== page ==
5 moustachioed masterpieces for Movember

5 moustachioed masterpieces for Movember

1 Nov 2022

For 18 years men have been replacing the initial of the 11th month with an M, casting aside their razors for 30 days, and doing their bit for the global Movember movement. The so-called ‘Mo Bros’ unite to raise money for mens health issues, including suicide prevention and prostate and testicular cancer. In honour of the moustaches that will be grown this month, Ciaran Sneddon looks at five artworks that champion facial hair

The Laughing Cavalier by Frans Hals, 1624. Credit: The Wallace Collection, London

A highlight of Frans Hals’ career, and arguably the finest of any moustache ever put to canvas, The Laughing Cavalier is a beautifully misnomered portrait of the 17th century. Showing neither a cavalier, nor one that is laughing, at first glance the work seems to dance with excitement and verve. It is only on closer inspection that the muted colour palette can be fully absorbed. As Van Gogh is said to have commented: ‘Frans Hals must have had 27 blacks.’

Beyond the precise but whimsical brushes of facial hair, there is great dynamism in the cavaliers uniform, albeit told mostly in black oils. The piece was a sensation among the public, entertained and troubled, no doubt, by its subjects canny ability to stare back into the eye of the viewer, no matter where in the room they stand. Any Movember participant would be proud, and lucky, to produce such a masterful moustache of their own.

Barbering, Tomb of Userhat, a 1922 facsimile painted from an original at the tomb by Nina de Garis Davies. Credit: The Metropolitan Museum of Art, Rogers Fund, 1930

The art of shaving has evolved and transformed countless times. Modern men sign up to new subscription models for their technologically advanced razors, while peeling back the decades reveals the 1970s introduction of disposable blades, and the first popular safety razors some 70 years prior.

Going even further back in time takes us to a scene of community. This 1922 facsimile of an original image dating back to the 18th dynasty of ancient Egypt portrays men queuing up for their shave. It was found inside the tomb of a man called Userhat – a royal scribe and herald from the reign of Amenhotep II – at Thebes. Hair removal creams made of arsenic and lime, pumice scrubs, hot wax and copper razors all played their part in such early grooming regimes.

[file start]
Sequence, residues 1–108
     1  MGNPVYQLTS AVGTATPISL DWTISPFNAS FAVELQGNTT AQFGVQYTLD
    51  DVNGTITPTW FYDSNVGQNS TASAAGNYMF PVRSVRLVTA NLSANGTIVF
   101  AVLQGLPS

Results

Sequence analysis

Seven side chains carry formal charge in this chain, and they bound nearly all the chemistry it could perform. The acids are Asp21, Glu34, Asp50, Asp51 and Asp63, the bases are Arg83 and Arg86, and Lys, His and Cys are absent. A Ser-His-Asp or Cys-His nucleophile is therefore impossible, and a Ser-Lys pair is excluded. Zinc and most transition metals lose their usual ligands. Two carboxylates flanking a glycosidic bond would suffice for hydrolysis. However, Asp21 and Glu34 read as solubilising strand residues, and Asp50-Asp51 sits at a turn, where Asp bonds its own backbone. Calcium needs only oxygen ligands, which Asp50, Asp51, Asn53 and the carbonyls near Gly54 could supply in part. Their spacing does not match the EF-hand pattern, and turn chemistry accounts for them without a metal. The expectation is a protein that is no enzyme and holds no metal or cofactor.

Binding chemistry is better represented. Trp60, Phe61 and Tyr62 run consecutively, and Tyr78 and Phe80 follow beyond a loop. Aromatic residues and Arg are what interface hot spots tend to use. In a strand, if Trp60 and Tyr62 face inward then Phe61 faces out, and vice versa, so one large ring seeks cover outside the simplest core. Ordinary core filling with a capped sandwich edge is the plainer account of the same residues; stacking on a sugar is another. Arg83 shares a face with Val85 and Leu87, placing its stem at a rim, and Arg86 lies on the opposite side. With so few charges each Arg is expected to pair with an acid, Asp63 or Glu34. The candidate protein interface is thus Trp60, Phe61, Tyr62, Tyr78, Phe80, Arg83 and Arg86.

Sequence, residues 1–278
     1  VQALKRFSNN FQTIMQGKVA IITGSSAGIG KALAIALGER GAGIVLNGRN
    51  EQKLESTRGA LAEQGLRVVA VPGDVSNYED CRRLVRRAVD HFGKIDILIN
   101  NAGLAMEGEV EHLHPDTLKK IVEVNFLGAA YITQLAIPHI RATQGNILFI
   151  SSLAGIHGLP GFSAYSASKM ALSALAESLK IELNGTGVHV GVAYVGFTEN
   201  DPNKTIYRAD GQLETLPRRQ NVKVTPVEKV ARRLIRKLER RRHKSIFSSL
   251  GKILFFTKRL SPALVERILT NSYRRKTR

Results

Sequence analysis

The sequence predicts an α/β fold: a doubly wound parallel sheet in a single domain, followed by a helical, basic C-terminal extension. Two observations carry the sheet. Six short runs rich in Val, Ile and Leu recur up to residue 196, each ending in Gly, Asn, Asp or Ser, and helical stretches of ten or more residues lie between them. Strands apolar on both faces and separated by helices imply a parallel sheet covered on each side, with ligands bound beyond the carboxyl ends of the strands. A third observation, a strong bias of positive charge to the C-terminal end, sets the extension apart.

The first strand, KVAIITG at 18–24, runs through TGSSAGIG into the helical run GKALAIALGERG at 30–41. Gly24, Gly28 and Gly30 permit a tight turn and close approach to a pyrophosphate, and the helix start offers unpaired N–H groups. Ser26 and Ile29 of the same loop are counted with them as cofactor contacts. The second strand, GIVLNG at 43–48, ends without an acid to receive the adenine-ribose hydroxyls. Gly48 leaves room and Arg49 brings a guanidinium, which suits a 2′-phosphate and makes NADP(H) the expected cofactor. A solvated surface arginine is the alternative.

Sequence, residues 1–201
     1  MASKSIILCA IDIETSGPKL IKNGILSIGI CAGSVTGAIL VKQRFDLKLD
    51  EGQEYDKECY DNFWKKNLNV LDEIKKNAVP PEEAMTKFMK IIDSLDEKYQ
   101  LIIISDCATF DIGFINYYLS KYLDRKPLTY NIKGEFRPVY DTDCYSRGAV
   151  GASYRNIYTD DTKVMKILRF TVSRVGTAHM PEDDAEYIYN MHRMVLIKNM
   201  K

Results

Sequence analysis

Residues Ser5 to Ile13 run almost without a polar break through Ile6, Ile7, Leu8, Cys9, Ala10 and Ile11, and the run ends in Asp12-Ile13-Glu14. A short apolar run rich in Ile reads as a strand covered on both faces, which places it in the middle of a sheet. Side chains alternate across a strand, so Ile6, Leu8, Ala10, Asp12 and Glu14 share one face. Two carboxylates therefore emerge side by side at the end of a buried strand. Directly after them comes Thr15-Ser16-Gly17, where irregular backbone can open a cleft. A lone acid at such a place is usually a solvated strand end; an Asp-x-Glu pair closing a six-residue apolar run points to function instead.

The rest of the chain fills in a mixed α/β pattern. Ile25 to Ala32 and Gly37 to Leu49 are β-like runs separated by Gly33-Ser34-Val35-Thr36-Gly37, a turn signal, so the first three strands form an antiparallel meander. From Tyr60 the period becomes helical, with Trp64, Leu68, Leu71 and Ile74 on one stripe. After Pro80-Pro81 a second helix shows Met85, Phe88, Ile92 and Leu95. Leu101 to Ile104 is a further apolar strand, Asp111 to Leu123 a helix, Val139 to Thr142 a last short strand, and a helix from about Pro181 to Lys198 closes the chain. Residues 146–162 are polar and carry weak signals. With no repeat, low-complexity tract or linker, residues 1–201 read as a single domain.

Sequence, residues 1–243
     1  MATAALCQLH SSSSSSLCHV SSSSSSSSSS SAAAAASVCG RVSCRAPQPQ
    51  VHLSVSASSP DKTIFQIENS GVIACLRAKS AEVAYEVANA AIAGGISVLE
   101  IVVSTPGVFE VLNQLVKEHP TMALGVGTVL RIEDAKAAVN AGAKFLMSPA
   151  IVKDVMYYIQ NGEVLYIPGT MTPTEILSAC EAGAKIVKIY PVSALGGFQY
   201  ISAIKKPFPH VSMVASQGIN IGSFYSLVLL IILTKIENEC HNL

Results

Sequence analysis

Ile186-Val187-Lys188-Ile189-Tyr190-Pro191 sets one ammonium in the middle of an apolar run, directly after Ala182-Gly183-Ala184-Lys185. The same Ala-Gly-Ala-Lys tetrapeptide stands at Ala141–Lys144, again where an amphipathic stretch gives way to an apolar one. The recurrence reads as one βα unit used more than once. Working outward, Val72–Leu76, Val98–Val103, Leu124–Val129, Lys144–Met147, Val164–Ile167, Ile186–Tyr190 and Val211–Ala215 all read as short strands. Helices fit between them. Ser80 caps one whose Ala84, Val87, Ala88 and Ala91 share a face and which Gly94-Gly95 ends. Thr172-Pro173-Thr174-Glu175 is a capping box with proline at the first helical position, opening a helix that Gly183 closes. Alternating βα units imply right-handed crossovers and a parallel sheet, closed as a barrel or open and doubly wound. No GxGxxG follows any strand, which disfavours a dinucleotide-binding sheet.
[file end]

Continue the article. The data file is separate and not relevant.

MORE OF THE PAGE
Marble statue of a bearded Hercules by an unknown artist, AD 68–98. Credit: The Metropolitan Museum of Art, gift of Mrs Frederick F Thompson, 1903

While the ancient Egyptians may have favoured the clean-shaven look, facial hair became a symbol of strength, honour, virility and wisdom for the ancient Greeks. The male Olympians all had impressive beards and moustaches, while thinkers of the time believed that longer beards implied a persons brain had too much cleverness and was therefore having to push some intelligence out in the form of hair.

No surprise, then, that Hercules – the Roman version of the Greek hero Herakles – should be portrayed in such a hirsute manner. This marble statue is emblematic of a kind of sculpture that was used to honour the demigod. Part of a pair likely displayed at a large public bath, it was acquired among a collection of other ancient art by a 17th-century banker, the Marchese Vincenzo Giustiniani.

The Patriotick Barber of New York, or the Captain in the Suds, 1775, attributed to Philip Dawe. Credit: The Metropolitan Museum of Art, gift of William H Huntington, 1883

Given the clear significance of moustaches and beards within different cultures, the barbers of old are afforded a certain status and power through their gatekeeping of a particular skill. This is evidenced perfectly in this satirical mezzotint made in the months leading up to the American Revolution. The conflict between the British and the Americans may have yet to formally bubble over, but the independence-minded citizens of New York were quite happy to take matters into their own hands.

Here, we see Captain John Crozer, commander of a British ship, being recognised in the barber shop of Jacob Vredenburgh, a barber and member of the resistance group Sons of Liberty. Instead of starting a fight, Vredenburgh uses his position to mock his enemy. In text that accompanied the print when it was first issued in London, American patriots were reminded: ‘Preserve the Golden Rule; / Forbid the Captains there to roam, / Half shave them first; then send ’em home, / Objects of ridicule.’

Study Head of an Old Man with a White Beard, Anthony van Dyck, c.1617–20. Credit: The Metropolitan Museum of Art, Egleston Fund, 1922

The muddiness of this portrait only heightens the softness and warmth of the subjects impressive beard and moustache, which cascade down the centre of the image. Once believed to have been a piece by Peter Paul Rubens, a contemporary of Van Dyck who is credited with being an inspiration of sorts for the younger artist, it has since been recognised as one of Van Dycks early works, painted in his late teenage years.

Van Dyck is better known now for his stylings of another moustachioed man – Charles I, and his court. The Flemish painter imbued these works with great flattery, setting the bar for future royal portraits.

For more information on Movember click here.


About the Author

Ciaran Sneddon

Ciaran Sneddon writes for The Arts Society


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